Celebrate Children's Book Week!
PreK–K, 1–2, 3–5, 6–8, 9–12
Inspire children to read during this special week by stocking your shelves with the best books, holding fun reading events, and featuring special guests in the library. With the right combination, you may hook someone on reading for life!Why Children's Book Week Is Important
Since 1919, National Children's Book Week has been an annual tradition dedicated to spreading the joy of reading. Use this time to introduce children of all ages and their parents to the pleasure of reading and the worlds that exists between the covers of great books.
Creative Ways to Celebrate
Need ideas to make the week special? Try these suggestions:
- Get Your Students Involved. Vote for the Children's Choice Book Awards. Kids across the country can vote for their favorite books among the finalists in each age category . Encourage kids to read and vote for their favorites online. Or you can tally your students' votes and enter them as a group.
- Spread the Word. Distribute flyers in school classrooms or local businesses encouraging kids and parents to stop by the library for a week of festivities. Include book recommendations and fast facts about the everyday benefits of your library. Tip for the future: Take advantage of library traffic this week to invite parents to sign up for email announcements about future events.
- Post Booklists. Display suggested titles along with special booklists that will grab readers' attention such as If You Love Harry Potter or Page to Screen Favorites.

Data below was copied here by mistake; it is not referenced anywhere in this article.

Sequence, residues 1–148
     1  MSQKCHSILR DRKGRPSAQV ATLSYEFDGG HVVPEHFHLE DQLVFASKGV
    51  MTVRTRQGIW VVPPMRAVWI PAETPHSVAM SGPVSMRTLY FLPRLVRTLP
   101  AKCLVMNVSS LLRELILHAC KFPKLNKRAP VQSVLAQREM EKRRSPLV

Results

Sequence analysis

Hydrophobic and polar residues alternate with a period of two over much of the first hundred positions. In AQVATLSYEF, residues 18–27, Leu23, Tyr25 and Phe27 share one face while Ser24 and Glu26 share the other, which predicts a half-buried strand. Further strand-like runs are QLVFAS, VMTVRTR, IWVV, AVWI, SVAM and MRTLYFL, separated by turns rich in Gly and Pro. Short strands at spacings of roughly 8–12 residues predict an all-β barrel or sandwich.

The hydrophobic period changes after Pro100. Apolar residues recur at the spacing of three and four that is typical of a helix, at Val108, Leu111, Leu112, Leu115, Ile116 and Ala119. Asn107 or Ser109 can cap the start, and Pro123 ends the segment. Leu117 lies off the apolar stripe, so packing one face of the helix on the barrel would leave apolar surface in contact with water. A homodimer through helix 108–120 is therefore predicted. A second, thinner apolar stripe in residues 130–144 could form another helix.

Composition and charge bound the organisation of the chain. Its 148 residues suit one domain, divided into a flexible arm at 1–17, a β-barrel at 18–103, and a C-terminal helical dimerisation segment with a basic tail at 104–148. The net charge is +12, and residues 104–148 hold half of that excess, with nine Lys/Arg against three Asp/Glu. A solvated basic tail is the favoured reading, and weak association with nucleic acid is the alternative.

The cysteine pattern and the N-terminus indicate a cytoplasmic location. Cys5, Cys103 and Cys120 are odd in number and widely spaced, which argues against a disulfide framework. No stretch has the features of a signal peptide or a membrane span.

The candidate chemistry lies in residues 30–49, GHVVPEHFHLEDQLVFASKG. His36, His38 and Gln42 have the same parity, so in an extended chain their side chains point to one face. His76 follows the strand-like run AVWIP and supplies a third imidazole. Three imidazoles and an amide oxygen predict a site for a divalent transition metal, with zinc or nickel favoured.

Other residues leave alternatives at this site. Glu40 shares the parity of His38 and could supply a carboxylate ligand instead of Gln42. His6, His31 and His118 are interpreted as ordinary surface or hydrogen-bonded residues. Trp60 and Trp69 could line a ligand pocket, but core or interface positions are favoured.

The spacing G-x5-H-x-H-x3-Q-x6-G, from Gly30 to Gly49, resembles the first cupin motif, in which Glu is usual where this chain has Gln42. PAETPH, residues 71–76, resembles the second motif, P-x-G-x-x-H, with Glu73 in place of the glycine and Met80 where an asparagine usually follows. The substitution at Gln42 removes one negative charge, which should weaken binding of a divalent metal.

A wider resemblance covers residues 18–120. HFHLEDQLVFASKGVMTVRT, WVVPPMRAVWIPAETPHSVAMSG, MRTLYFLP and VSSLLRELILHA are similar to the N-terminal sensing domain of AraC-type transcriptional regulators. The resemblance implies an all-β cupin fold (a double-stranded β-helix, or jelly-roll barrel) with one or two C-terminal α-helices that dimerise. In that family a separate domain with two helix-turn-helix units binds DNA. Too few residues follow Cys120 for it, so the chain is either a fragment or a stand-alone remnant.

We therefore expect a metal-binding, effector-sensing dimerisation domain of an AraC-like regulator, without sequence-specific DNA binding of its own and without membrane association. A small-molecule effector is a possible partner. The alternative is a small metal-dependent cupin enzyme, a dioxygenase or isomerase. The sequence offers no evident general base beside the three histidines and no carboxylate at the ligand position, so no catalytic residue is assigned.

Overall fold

- Bring a Character to Life. Imagine visitors' surprise when Count Olaf from A Series of Unfortunate Events welcomes them or The Magic School Bus' Ms. Frizzle hosts a read-aloud! From Willie Wonka to Professor Dumbledore — the possibilities are endless.
- Host Contests or Sweepstakes. Have Jeopardy-style quiz competitions, where each category is a different book, or let kids answer printed quizzes on their own to enter the sweepstakes. For prizes, offer free books if they're available or coupons valued at one day's late fees.
- Encourage Further Reading with Take-Homes. Use our interactive Spelling Wizard to create printable Word Scrambles and Searches. In place of spelling words, use must-read book titles or author names. For preschoolers, distribute ready-to-color Clifford pages.
- Set Up a Book-Making Center. Supply sparkles, glue, construction paper, crayons, and other crafts that kids can use to create their own storybooks or bookmarks.
- Have a Guest Reader. Invite a local actor with a gift for storytelling, a member of your community, or even a favorite author or illustrator to host a reading.
- See our list of sure-to-please book recommendations of long-time favorites, new hits, and kid-approved titles. These are great picks for readers and parents looking for suggestions.